We logged back in not just to the immediacy that is Deathwing’s explosive entrance to the world, but also to a world that experienced years of political and expansionistic change while we were, well, asleep.
In my ideal game experience, I would have loved to be some small part of the event itself. To be able to say afterwards that I was there to witness the sundering of the Barrens, for example. Or that I was part of the bucket brigade that tried to douse the flames left behind from Deathwings’ assault on Stormwind.
But I knew that was unrealistic. I knew I was going to log in and it would all be over. The NPCs would experience the cool and scary events, and us bit players would walk in from off stage and react to it with expressions of dismay, amazement and sorrow.
What I didn’t expect was that the world had also grown several years older while I was, apparently, mining for Saronite.
Perhaps our new characters are supposed to be coming in fresh, and our older, more experienced characters are ALL assumed to have been off in Northrend the entire time without ever having returned to visit during the war, single-mindedly championing the struggle against Arthas in far off distant lands.
Now, I know *I* returned quite frequently to visit, but maybe Blizzard is just deciding for me that I didn’t. It helps them plot the story better that way.
Now that Arthas is destroyed and the great war is over, here we are, weary soldiers returing to our homes in Azeroth to find that life moved on without us, new fortresses have been built, encroachments on territory have been made, tensions between factions are running high, war between Horde and Alliance is growing ever more likely, Varian Wrynn has turned into such a massive egomaniac that the prick erected a mighty statue in tribute to himself in front of the steps to Stormwind Castle, and, well, we’re finding out what it’s like to have done two tours overseas while life goes on without us.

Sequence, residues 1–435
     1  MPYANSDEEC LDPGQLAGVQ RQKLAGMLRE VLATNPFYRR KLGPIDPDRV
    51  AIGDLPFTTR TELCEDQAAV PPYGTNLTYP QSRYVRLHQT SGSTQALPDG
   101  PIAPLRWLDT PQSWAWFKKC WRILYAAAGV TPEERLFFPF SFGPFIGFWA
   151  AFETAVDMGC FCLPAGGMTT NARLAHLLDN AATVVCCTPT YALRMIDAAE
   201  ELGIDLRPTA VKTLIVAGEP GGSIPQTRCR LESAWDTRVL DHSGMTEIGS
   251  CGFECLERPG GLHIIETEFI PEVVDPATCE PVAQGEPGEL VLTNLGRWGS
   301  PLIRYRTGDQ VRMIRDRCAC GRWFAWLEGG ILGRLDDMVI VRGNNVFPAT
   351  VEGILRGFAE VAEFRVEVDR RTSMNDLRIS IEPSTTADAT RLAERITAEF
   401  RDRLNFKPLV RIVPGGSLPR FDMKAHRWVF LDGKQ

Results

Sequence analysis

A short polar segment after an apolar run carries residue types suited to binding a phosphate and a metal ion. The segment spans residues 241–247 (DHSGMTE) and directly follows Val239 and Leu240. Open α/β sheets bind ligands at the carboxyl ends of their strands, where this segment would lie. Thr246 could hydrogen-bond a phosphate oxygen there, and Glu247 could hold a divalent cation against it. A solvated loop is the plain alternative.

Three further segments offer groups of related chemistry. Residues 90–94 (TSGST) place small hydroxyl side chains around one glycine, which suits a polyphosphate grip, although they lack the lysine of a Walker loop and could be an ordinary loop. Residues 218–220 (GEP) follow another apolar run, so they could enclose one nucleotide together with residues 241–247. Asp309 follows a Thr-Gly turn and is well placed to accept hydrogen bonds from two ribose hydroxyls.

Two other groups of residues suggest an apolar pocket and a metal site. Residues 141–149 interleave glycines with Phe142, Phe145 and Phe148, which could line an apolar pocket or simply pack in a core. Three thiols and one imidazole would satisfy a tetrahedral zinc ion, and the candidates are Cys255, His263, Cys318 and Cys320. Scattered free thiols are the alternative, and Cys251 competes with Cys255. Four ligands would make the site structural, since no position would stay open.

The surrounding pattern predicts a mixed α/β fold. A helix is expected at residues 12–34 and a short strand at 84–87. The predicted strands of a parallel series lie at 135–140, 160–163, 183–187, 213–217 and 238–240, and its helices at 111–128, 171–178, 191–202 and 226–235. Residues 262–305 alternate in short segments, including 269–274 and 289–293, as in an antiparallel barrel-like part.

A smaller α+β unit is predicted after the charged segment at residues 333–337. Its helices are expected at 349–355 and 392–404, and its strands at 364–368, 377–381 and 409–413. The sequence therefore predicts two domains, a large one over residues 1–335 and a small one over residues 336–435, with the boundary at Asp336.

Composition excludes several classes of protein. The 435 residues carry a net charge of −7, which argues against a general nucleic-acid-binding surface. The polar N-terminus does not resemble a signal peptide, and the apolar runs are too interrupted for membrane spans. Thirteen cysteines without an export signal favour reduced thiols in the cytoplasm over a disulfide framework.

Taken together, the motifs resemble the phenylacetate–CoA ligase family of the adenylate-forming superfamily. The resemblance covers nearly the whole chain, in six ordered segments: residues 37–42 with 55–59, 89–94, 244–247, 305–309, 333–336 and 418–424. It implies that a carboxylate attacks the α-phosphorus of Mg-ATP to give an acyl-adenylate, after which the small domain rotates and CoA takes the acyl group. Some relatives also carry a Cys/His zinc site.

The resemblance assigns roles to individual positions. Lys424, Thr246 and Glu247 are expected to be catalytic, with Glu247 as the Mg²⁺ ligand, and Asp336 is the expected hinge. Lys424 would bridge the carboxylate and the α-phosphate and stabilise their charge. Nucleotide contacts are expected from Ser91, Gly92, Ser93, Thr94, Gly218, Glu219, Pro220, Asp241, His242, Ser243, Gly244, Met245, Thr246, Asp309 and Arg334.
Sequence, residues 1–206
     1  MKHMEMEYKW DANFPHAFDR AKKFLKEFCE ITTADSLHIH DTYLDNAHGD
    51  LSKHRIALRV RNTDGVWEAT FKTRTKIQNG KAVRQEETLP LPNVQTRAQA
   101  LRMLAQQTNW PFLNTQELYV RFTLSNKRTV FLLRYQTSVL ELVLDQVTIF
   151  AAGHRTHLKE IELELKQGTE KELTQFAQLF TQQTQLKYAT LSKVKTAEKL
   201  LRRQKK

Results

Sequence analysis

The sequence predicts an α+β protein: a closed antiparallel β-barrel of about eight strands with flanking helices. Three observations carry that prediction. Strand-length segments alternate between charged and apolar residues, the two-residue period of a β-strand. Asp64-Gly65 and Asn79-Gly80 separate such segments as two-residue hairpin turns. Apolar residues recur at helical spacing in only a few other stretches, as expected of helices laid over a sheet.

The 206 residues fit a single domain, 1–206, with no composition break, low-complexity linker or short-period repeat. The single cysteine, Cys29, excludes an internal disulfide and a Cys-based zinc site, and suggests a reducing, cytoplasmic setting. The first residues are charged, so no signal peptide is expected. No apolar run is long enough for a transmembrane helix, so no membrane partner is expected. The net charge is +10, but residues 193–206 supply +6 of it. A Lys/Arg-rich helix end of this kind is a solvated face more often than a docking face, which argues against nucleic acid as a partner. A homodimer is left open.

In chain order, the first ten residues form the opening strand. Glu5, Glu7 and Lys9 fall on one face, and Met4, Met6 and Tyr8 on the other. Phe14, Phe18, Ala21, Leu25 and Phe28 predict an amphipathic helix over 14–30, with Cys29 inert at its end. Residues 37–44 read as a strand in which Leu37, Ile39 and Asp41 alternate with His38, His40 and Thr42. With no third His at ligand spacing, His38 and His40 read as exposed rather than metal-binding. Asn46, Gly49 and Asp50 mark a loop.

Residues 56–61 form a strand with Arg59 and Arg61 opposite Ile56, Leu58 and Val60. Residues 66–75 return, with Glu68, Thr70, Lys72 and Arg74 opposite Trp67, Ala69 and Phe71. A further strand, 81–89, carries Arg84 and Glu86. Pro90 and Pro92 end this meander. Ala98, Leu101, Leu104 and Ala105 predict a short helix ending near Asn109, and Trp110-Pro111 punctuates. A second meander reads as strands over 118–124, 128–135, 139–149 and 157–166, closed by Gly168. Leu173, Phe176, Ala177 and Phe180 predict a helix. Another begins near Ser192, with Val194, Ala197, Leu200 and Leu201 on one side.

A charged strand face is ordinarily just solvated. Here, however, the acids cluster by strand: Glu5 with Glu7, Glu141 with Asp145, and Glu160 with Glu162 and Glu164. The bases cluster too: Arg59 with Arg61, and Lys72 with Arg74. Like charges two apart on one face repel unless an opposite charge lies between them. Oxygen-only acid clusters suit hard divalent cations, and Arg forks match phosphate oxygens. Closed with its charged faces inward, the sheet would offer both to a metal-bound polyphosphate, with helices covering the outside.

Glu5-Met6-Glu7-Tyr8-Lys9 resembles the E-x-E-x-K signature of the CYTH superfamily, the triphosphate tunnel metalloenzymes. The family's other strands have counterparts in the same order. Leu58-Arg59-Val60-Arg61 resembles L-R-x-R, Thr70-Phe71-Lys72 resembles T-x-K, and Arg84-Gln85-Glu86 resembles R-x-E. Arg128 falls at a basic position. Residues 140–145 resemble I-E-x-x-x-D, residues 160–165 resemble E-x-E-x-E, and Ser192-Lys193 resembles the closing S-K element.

Right? That’s a pretty powerful, realistic thing to have written into the flow of the game.
But while we were coming home victorious from the wars, someone else came along and bombed the shit our of our country. We didn’t get the chance to get reunited with our friends and loved ones, to be introduced to all the changes and see how things have grown before it all got blown apart.
That’s one heck of a lot of change to absorb all at once.
The single most jarring note for me wasn’t all the structural changes, either. It was feeling exactly how many years had passed me by.
When I first entered Redridge Mountains, there where Guard Parker used to stand, alone next to a big rock, there was now a massive tower called Three Corners.
At the top of the tower Guard Parker still stands, but now he’s been promoted to Watch Captain Parker.
At the base of the tower, you meet his wife Darcy, and they’re adorable little girl, Libby.
Wow! Why, Darcy, when I last saw you, you were working in the Inn at Redridge, and you were sweet on Parker… I brought thim the lunch you made!
And here you are now, not only married but with a little girl, as well! Congratulations!
Boy, she looks like she’s nearly eight years old!
It’s amazing how the time flies by, isn’t it? I wish your family all the best…
I only wish I could have had a chance to see any of it happen during the last five years I was playing the game.